I also love their absolutely huge pasta strainers and their cheap candles and holders.

  5. Rock on AG — you were in my hometown, Elizabeth NJ! :D Too bad you didn’t have a chance to stroll down the road to Jersey Gardens (aka ‘Jersey Garbage’) the gigantic outlet mall. Next time, take the #111 bus to both hotspots and tote back some goodies from the gigantic Marshalls and Nieman Marcus outlets — I’ll never tell!

  6. O, the siren song of Ikea . . .

    But the meatballs . . . dog food.

    Sorry, that’s what they remind me of (and I’m an omnivore.)

    If you get hungry there (and you will get hungry, after a couple of numbing hours tearing through the place) try the cold sandwich with sliced egg and tiny shrimps. Mix a little mustard and mayo together and apply liberally with black pepper.

    Now you’re eating Scandahoovian.

    Or just get yourself a little roll of Swedish chocolates.

  7. skip the swedish meatballs and get the $1 soft cones and hot dogs!…they’re the best thing about IKEA for me…

  8. Oh Ikea, how do i love you… let me count the ways.

    Ikea is my favorite store of all time. I only wish there was one closer to me. Ikea skipped over the entire province of Saskatchewan (Canada). So sad…

  9. Lingonberry everything. Currently residing in my fridge are lingonberry chipotle salsa and lingonberry syrup. Absolute heaven.

    IKEA also has the world’s best mustard herring (they used to carry an even better curry herring, but it disappeared). And an almond crunchy cake type thing.

    It’s funny, we have an IKEA shuttle bus here in Toronto too. It must be a universal plot to bring forth the city-dwellers into the suburbs.

  10. I must say I love Ikea, and live right near the largest one in the southern hemisphere :)

    I bought my dinner set there too, but am v disappointed! Hope this doesn’t happen to yours, but all my plates and bowls are scratched where the cutlery touches them (like how the insides of coffee mugs get when you stir a teaspoon in them too many times…) I guess you do actually get what you pay for!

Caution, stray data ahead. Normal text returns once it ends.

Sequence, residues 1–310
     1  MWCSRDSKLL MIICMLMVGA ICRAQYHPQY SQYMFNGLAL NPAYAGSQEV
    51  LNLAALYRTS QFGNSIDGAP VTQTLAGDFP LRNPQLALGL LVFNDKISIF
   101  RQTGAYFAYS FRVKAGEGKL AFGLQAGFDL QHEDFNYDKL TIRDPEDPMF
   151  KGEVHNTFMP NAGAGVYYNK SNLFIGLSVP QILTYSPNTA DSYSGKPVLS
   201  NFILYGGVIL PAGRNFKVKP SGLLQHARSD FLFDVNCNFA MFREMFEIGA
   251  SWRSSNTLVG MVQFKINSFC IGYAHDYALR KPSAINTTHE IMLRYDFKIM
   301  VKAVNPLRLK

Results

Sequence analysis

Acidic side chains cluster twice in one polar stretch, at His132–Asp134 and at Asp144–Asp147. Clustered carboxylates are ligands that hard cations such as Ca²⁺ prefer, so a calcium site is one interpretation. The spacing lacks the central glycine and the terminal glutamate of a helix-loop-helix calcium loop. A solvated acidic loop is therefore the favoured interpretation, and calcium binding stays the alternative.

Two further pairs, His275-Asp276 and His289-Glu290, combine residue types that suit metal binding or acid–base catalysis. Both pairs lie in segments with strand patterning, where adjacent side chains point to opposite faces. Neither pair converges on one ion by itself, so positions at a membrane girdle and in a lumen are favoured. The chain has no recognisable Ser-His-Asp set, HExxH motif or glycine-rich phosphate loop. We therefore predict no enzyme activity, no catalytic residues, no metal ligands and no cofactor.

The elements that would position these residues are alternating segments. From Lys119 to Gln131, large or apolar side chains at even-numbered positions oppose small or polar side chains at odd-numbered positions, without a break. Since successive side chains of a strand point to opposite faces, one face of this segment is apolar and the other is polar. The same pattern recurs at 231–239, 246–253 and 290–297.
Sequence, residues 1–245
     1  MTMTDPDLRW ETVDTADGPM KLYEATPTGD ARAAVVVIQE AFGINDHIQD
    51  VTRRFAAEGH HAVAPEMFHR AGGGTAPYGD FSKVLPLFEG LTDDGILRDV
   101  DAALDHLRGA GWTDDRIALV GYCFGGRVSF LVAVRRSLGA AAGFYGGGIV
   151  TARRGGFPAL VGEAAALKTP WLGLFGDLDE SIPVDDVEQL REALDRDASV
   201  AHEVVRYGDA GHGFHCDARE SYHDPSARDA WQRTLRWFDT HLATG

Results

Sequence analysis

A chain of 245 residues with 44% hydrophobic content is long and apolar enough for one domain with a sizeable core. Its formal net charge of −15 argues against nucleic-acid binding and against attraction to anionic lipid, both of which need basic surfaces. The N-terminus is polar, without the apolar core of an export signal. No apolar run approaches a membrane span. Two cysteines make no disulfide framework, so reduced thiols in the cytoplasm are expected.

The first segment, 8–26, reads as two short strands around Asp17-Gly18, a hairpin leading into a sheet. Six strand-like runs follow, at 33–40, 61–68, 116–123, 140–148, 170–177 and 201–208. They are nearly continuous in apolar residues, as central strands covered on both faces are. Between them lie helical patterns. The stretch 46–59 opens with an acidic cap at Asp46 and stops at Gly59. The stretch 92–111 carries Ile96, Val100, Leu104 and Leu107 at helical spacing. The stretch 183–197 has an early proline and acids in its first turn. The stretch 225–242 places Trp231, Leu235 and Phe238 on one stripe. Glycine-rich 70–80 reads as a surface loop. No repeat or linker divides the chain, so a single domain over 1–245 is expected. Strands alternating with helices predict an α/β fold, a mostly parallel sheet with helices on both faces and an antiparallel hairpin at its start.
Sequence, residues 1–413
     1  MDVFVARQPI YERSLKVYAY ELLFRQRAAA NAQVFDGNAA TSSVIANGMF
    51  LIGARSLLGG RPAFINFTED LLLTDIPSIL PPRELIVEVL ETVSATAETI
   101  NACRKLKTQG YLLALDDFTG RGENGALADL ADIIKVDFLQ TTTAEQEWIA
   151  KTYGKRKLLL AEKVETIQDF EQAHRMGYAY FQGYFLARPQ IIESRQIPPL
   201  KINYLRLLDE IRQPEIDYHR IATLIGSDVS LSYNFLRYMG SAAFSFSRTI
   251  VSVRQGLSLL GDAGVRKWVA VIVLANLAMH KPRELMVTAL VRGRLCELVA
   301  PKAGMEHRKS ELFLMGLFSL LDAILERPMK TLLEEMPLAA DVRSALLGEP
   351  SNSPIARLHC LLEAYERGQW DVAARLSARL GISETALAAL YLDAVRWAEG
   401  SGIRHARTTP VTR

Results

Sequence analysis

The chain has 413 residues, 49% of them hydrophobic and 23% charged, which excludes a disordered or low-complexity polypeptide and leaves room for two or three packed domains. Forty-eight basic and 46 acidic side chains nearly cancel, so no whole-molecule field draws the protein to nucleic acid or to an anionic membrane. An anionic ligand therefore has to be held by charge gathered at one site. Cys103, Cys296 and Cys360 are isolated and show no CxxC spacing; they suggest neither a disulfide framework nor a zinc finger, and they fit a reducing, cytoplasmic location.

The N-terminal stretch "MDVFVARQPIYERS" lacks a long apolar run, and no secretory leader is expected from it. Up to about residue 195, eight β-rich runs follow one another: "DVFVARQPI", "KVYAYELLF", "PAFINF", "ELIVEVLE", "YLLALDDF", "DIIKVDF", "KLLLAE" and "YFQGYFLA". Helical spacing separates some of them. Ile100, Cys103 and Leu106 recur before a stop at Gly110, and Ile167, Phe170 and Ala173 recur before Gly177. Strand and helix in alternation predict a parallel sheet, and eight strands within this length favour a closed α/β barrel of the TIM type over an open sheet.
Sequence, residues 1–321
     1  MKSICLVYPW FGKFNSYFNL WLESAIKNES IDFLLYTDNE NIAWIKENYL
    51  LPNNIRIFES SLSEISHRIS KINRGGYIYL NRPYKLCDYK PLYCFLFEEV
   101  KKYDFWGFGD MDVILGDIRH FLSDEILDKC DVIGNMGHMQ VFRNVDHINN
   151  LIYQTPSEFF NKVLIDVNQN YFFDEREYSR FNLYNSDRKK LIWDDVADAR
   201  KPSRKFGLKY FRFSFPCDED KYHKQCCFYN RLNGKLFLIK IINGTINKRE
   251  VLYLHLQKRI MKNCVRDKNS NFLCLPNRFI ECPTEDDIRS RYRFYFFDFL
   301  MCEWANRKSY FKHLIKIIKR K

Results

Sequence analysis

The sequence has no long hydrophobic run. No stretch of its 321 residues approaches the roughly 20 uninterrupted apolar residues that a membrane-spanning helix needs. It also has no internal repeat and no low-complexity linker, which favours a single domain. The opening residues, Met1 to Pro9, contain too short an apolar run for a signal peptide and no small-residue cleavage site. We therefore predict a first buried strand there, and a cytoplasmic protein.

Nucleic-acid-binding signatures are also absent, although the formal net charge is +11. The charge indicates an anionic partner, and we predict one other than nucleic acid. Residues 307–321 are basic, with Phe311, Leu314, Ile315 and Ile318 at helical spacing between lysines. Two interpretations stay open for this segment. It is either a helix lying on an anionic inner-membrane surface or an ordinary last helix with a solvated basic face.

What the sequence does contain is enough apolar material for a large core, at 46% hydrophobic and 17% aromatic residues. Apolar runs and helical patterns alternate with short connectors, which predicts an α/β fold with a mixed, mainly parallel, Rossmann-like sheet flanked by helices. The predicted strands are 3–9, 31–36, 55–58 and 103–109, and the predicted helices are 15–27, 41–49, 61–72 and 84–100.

Oh, and give the elderberry flower cordial a go! Yum!

  11. Jonas The Swede

    OK OK I realize that the pickled herring might not be for the faint of heart but if you’re up for it, my favorite is the mustard herring (and you can get this around NYC (Eli’s, Fairway, Schaller & Weber, WholeFoods, Citerella, etc.) not just at IKEA) boil some small yellow potatoes (leave the peel on) and serve with beer (a pilsner or other non dark brew goes best) and (ice cold) snapps (there are some Swedish snapps brands around the city if you look hard…OP and Skane are 2 favorites – if you can’t find it, vodka is the closest (which incidentally is why Absolut is called Absolut because it is JUST vodka and not a flavored Vodka i.e. like snapps (has caraway, fennel, and other herbs)). Add some more authenticity by serving it with lightly buttered crispy bread (Wasa or what you find at IKEA) topped with Swedish cheese (see below).

    If that isn’t for you, at least try the cheese – this is really good and every single non Swedish friend I have served this to has enjoyed it. Vasterbotten is like a sharp English farmhouse cheddar, Greve is milder but with a gentle kick to it, Prast is a good neutral all around cheese.

    The candies are good as well – Swedish gummies are for some reason MUCH better than the ones found in the US – not sure why.

    Up for more Swedish food? Aquavit in the city has decent Swedish food – I say decent becuase their cafe really doesn’t serve that much Swedish food anymore and their main restaurant is nearly all Scandinavian ‘inspired’ food (except for their exceptional Sunday brunch which has herring, cheese, and even some Swedish desserts) and the tasting menu is $95 (I think).

    Ulrika’s has more Swedish traditional Swedish food…there is also Good World Bar in Chinatown (hard to find) but the quality there can be to and from…Aquavit also has a decent outpost in the Scandinavia House (37th-38th & Park) called AQ Cafe which serves a decent enough lunch.

  12. I am from the UK and used to live in London with my Swedish Girlfriend. As a treat I would sometimes sneak off and buy her gifts from the Ikea foodstore.

    I learned quite quickly that she absolutely loathes pickled herring. (and indeed all fish, which is quite un-Swedish) However, she would smile for days if I brought home Swedish chocolate.

    I live in Sweden now myself….and no longer need to go all the way to the outskirts of the city to buy chocolate.

    However, Church of Ikea. (because Sundays are soooo popular) is still a great place to buy plates, glasses, furniture and much more at reasonable prices.

    (and its exactly the same as the one in London…and I suspect Ikea’s all over the world.)